Bearish bets against Tesla’s stock fall to record low, says data provider

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Bearish bets against Tesla’s stock fall to record low, says data provider


Tesla has begun charting a familiarly bumpy path as a new member of an old stock index on Monday.

However, one thing that has changed is the number of bets against shares of the electric vehicle maker, with the hope that the stock price would crash lower and enrich the pockets of so-called short sellers.

Shares of Tesla were down 4.4% on Monday in its first day of trading as an S&P 500 member, but that downturn shouldn’t be attributed to those short sellers, with bearish bets against the Palo Alto, Calif.-based company hitting the lowest since at least 2017, according to Ortex Analytics.

Read: As Tesla debuts in the S&P 500, do you know if you’re an owner?

Bearish bets against the company, viewed as one of the most shorted stocks on Wall Street, dropped to 31.4 million in December, “considerably lower than the peak of 93.6 [million] recorded in January of this year,” Ortex reported.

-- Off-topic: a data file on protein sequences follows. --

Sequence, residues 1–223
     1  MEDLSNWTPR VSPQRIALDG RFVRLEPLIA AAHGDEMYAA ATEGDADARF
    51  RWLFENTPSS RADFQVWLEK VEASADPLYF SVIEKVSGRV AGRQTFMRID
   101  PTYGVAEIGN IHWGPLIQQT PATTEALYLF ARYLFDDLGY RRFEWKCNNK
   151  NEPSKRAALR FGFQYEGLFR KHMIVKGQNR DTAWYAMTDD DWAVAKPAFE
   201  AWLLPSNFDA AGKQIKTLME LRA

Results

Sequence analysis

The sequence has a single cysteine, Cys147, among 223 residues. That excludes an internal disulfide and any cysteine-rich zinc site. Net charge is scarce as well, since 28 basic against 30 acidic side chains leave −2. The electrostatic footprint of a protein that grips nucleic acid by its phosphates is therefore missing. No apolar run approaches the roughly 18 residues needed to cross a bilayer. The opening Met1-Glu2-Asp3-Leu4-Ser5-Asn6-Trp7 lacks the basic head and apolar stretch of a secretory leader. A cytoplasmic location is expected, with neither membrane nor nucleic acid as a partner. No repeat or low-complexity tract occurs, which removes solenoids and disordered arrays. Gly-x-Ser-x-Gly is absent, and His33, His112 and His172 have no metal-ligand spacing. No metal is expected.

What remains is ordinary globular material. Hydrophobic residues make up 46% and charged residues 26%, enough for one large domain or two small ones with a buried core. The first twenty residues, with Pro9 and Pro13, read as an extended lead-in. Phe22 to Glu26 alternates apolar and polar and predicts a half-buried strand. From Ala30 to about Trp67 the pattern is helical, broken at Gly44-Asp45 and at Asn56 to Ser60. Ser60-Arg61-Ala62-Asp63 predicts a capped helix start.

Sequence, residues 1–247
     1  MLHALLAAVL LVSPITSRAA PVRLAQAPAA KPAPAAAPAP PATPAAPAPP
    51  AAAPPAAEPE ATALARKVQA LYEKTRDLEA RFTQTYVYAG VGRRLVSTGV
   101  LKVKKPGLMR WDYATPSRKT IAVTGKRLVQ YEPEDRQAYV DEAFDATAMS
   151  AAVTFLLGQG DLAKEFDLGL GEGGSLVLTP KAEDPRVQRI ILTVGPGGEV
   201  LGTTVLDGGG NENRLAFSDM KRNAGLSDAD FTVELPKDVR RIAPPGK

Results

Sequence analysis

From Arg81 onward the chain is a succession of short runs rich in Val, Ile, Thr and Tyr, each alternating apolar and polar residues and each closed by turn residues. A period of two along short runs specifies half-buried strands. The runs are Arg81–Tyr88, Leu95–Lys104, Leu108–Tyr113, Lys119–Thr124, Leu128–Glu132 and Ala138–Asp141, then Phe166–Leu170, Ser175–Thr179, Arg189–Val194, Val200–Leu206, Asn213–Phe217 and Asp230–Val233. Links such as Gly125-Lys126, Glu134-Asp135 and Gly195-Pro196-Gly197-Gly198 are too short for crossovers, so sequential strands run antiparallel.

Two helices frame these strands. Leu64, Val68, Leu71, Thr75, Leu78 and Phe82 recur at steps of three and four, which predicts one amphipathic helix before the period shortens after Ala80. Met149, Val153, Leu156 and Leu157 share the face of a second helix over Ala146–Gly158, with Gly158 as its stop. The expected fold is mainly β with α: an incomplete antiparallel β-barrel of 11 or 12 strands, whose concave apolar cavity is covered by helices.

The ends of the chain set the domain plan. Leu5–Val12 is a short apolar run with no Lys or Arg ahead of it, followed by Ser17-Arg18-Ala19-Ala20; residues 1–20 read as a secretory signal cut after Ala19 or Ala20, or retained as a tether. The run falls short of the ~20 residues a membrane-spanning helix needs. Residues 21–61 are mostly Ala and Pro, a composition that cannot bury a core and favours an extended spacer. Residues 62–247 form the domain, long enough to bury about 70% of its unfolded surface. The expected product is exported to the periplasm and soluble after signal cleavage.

Peter Hillerberg, co-founder of Ortex Analytics, estimated that short sellers have lost a whopping $28.5 billion betting that Tesla’s stock would make a consistent tumble from its record perch, as it headed into its S&P 500 inclusion.

Check out: Tesla’s biggest bull stampedes to a $7,000 price target

However, that hasn’t been the case, with shares of the company run by outspoken leader Elon Musk rising nearly 700% in 2020 thus far, according to FactSet data. By comparison, the S&P 500 index
SPX,
-0.37%

has surged a respectable 14.3% in 2020, the Dow Jones Industrial Average
DJIA,
+0.22%

has climbed nearly 6% in the year to date and the technology-laden Nasdaq Composite Index
COMP,
-0.19%
,
where Tesla resides, is on pace for a 42% return on the year.

Still, those moves pale in comparison to Tesla’s surge, which entered the S&P 500 as one of the largest companies in history and the fifth or sixth largest constituent currently.

“As a result, a large number of short sellers have closed their positions, wanting to avoid the ‘hype premium’ that is so often associated with Elon Musk’s company,” wrote Hillerberg in an emailed note.

That said, the analyst says Tesla likely will be tested in the coming days and weeks.

“However, the battle is far from over, we expect many to be waiting on the side lines looking to pounce when the hype dies down,” he wrote.

Read: Tesla joining the S&P 500 Friday is ‘mother of all’ stock-market events



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